The horses are doing very well. Ajax would have a saddle on, if I had one. Anya is looking wonderful and healthy but Ajax is still very scrawny and having a hard time putting on weight, which is slightly worrisome so late in the year. But with the rain the grasses are growing so they’ll have that boon and I take Ajax out to eat other places while he’s learning as well. I can touch all his feet and lift one without much fuss.

I’m trying to find a farrier to do their hooves and hope to have Ajax ready for them when I do find one. Finding one isn’t to hard, finding one who is local or making a shared trip so not to have to pay huge mileage fees is much more difficult. Hoof tools are up on the list of needs. Once they’re trimmed properly for barefoot (wild horse) I can likely keep them that way. I can at least keep them trimmed enough, when I have tools again. I thought I still had a hoof rasp but haven’t been able to find it.

Nemo is still chained during the day. So far all anti-car chasing lessons have failed. We’re in the process of fencing the entire property in with a wooden pallet fence but that will take some time and a lot more pallets.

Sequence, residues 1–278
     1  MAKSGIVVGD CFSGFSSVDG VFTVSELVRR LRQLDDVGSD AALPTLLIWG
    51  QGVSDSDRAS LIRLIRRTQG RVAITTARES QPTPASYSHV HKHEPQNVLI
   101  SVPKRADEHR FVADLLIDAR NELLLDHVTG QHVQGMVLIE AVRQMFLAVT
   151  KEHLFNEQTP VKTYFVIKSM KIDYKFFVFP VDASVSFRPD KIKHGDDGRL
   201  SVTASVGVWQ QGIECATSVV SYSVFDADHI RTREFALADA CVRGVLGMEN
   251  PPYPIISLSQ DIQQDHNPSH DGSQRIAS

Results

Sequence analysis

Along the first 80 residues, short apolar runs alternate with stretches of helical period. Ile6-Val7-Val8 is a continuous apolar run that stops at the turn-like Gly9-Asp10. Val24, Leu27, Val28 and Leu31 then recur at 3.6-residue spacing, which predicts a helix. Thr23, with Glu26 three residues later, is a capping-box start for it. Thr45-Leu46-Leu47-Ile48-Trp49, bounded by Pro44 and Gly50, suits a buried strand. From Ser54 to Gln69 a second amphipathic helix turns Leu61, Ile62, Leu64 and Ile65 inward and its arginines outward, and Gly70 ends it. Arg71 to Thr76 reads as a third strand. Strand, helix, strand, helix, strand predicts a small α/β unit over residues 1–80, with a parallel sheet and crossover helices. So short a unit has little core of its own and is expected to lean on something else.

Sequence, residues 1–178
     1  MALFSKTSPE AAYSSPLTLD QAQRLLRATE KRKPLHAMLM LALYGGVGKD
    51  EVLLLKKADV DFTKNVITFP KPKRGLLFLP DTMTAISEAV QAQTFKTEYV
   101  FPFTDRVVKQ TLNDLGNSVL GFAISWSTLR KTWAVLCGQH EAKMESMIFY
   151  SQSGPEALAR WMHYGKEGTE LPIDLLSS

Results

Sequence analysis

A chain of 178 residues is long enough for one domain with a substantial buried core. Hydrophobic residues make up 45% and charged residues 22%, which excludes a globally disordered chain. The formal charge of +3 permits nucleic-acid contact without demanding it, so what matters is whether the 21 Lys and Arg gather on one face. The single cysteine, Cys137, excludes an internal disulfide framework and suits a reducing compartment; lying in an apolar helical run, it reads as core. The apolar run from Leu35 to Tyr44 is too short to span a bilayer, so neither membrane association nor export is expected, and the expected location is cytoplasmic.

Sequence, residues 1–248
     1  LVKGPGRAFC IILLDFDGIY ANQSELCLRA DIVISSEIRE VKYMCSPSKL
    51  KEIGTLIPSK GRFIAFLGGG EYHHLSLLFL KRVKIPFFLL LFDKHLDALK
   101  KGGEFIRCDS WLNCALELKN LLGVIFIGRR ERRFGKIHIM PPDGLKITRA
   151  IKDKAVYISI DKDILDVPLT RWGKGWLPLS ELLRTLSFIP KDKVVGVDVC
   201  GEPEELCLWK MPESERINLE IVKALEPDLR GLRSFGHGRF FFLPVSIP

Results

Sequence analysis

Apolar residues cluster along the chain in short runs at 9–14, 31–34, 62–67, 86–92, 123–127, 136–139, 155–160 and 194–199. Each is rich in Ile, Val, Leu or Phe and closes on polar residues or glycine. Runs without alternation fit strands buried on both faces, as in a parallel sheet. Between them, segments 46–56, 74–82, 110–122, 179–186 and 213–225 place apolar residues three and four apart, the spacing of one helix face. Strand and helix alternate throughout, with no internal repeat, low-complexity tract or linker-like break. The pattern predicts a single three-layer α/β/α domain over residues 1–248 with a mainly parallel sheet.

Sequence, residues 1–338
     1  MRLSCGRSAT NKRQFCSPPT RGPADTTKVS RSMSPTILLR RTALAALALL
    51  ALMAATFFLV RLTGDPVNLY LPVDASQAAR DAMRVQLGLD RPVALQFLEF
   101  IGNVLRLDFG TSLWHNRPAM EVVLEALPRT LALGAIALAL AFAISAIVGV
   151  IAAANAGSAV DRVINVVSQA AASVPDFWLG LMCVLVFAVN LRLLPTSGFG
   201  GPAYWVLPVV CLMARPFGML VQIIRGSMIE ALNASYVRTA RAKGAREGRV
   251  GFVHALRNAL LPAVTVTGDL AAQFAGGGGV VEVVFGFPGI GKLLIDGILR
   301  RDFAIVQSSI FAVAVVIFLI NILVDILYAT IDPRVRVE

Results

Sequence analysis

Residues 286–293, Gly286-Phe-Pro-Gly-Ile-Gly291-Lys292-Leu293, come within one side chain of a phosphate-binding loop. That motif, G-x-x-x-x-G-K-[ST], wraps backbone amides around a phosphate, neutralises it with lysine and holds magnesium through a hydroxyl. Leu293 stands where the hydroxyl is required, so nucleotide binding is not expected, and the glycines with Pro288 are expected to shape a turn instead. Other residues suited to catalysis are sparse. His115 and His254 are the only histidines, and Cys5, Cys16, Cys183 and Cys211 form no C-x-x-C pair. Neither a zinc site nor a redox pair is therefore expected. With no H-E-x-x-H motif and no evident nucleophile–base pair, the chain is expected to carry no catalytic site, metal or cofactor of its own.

Speaking of pallet fencing … I’m using a wide V pattern because we have very few fence posts and nothing can be allotted to them at the moment. The V makes them sturdy and freestanding. They’re wired together and are pretty sturdy as is. Posts can be added later for extra stability if needed.

I loath barbed wire but we’re going to use what we have to fence off an area in our woods for the grazing/browsing animals so that the pond field can rest and have time to grow up a bit. We may still be able to cut and put back a little hay from it next year as well.

The wooded area will have a glad surrounded on all sides by thick trees, protected from harsh and cold winds with shelter from the hot sun.

For now I’m off to make egg sandwiches.

2 comments:

the wild magnolia said...

It is good you can help where it needed. Doing what you are able to do.

For the life you love there is a sacrifice of some things and a abundance of others.

Knitted Home said...

I wonder if you could collect/shear the hair sheep to sell as roving or spin it to sell in skeins? I'm sure it would call a pretty price due to increasing demand.